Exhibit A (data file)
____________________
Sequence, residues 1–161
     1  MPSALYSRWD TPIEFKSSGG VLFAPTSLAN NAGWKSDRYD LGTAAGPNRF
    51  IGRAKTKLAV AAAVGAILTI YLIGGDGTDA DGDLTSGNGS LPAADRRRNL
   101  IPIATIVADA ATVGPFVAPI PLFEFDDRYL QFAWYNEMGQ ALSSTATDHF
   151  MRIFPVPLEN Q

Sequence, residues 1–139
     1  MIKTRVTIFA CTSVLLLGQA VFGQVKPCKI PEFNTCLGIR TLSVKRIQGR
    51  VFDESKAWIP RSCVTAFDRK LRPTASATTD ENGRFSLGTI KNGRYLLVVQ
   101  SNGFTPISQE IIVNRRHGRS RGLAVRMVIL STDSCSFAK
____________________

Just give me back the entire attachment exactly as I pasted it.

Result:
Sequence, residues 1–161
     1  MPSALYSRWD TPIEFKSSGG VLFAPTSLAN NAGWKSDRYD LGTAAGPNRF
    51  IGRAKTKLAV AAAVGAILTI YLIGGDGTDA DGDLTSGNGS LPAADRRRNL
   101  IPIATIVADA ATVGPFVAPI PLFEFDDRYL QFAWYNEMGQ ALSSTATDHF
   151  MRIFPVPLEN Q

Sequence, residues 1–139
     1  MIKTRVTIFA CTSVLLLGQA VFGQVKPCKI PEFNTCLGIR TLSVKRIQGR
    51  VFDESKAWIP RSCVTAFDRK LRPTASATTD ENGRFSLGTI KNGRYLLVVQ
   101  SNGFTPISQE IIVNRRHGRS RGLAVRMVIL STDSCSFAK